All three of them are credible pathways to the future. No one of them is saying, “This is the way it is going to happen.” They are exploring the challenges of this consumer-led scenario or whether it is a more centrally large-scale, generation-led scenario. The answer will be somewhere in the middle. It is describing the four corners of the envelope, and reality will be somewhere in the middle. Where we eventually end up will be determined by Government policy and the direction that plays in this.
Q328 Chair: The different organisations produce and publish different scenarios. You publish yours. The climate change committee publish theirs. The climate change committee’s scenario on hydrogen includes a scenario in which the proportion of homes heated with hydrogen is low—in fact, zero. Do you consider that to be a potential scenario?
Julian Leslie: All these scenarios are potential scenarios. In our scenarios we believe hydrogen will play a part in decarbonising heat in homes because of the scale of what needs to be done. We think all technologies are going to have a role to play. Not all homes are on the gas grid today. As you know, many are heated by heating oil and are not on the gas grid.
It is understanding that full spectrum of houses. There will be different solutions deployed in different environments depending on where they are located, what technologies are in the home and how well insulated they are. All these factors will need to determine what is the best solution.
Q329 Chair: Let me put it the other way round: do you have any scenarios in which you do not expect to see hydrogen deployed?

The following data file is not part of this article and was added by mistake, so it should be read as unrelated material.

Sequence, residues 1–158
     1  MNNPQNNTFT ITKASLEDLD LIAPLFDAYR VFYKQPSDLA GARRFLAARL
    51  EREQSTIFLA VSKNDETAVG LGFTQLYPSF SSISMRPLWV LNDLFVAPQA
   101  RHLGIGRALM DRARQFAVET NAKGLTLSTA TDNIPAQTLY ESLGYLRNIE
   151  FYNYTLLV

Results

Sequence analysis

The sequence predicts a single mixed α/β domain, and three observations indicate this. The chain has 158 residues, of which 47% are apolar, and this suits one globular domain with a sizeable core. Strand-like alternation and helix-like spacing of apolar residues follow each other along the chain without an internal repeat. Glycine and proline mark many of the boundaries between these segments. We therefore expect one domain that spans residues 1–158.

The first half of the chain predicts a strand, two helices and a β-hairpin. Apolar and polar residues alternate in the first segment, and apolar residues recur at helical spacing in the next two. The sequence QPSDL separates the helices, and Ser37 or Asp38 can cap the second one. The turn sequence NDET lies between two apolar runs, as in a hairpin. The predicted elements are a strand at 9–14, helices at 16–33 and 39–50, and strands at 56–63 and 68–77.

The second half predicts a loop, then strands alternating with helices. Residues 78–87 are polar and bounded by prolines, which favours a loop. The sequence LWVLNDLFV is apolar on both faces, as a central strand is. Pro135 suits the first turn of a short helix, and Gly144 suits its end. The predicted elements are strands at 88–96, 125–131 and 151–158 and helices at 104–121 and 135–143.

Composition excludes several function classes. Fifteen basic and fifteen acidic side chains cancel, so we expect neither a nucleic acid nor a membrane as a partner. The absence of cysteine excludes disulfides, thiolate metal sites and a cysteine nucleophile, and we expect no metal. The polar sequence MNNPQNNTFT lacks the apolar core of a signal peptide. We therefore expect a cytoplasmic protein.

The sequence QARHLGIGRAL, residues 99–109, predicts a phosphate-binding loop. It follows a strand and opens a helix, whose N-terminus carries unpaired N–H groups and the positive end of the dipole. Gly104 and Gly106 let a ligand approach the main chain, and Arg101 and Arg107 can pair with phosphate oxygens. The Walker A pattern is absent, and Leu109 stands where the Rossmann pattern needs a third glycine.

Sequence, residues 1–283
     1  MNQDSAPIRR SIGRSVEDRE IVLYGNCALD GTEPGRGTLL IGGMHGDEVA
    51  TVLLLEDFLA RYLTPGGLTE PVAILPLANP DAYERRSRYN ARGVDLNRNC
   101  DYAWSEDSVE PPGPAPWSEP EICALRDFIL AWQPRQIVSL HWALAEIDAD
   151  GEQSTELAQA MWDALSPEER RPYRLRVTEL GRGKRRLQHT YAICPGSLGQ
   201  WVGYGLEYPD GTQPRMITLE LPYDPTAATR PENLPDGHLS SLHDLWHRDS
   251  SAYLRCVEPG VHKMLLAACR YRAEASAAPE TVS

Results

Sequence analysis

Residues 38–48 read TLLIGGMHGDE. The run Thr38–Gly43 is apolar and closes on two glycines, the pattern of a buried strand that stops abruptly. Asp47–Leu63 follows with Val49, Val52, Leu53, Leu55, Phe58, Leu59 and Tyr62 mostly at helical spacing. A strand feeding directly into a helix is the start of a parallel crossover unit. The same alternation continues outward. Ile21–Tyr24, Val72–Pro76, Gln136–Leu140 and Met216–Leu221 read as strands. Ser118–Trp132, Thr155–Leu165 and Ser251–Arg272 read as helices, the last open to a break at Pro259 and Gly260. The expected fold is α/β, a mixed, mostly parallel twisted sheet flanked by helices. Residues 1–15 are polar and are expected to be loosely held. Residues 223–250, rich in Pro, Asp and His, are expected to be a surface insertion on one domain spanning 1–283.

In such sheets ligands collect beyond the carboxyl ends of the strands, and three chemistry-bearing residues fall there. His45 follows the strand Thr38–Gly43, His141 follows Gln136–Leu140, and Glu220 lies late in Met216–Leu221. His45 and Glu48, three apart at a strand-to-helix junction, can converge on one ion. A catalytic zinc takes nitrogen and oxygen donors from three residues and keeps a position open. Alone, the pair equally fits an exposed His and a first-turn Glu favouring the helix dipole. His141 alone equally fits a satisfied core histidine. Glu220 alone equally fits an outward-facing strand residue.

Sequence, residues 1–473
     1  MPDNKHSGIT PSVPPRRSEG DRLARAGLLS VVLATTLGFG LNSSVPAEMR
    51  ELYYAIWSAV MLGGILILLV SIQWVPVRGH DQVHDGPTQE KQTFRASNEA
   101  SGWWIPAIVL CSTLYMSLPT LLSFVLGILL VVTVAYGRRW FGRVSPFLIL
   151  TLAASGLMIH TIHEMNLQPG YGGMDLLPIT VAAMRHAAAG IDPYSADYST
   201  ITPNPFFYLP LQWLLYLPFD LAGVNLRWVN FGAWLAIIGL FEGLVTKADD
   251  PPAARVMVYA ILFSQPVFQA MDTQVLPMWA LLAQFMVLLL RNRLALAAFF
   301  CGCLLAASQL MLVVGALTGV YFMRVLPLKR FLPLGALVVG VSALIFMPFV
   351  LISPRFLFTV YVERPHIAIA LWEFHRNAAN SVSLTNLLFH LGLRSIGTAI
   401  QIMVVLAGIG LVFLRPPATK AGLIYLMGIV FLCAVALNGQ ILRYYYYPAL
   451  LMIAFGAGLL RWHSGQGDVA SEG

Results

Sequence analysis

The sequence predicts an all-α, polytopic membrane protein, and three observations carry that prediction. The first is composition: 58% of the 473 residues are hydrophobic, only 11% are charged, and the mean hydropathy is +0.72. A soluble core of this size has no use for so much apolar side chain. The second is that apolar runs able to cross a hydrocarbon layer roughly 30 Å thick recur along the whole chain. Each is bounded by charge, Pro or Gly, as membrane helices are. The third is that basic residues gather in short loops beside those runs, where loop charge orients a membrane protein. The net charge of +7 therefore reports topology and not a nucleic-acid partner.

Julian Leslie: No.
Q330 Chair: So you expect hydrogen to be part of our future energy mix.
Julian Leslie: We do.
Q331 Chair: I do not want to put words in your mouth, but it is helpful to summarise for the Committee when we make our report: the question is how much rather than if, as it were.
Julian Leslie: How much, exactly, whether it is converted into hydrogen that is then used to generate electricity, or converted into hydrogen that is then put into other energy vectors such as transport or heat. Hydrogen is an essential part of each of our scenarios.
Q332 Chair: To push it one step further, compared with where we are today, in your central view, how significant do you think hydrogen will be in meeting our energy needs?
Julian Leslie: That is a very good question. I think it will be significant. It is such a clean and flexible fuel and energy source that using it in the harder-to-reach vectors is going to be absolutely crucial. I have not seen anywhere where there are technologies that can provide an alternative that is transportable, storable and burns cleanly. I think it will be an absolutely essential part.
Chair: Thank you very much indeed. That concludes our evidence session this morning. We are very grateful for the expertise of the system operator. Obviously, it is crucial to the resolution of many of these questions of the future. We are grateful to all our witnesses this morning. Our inquiry continues.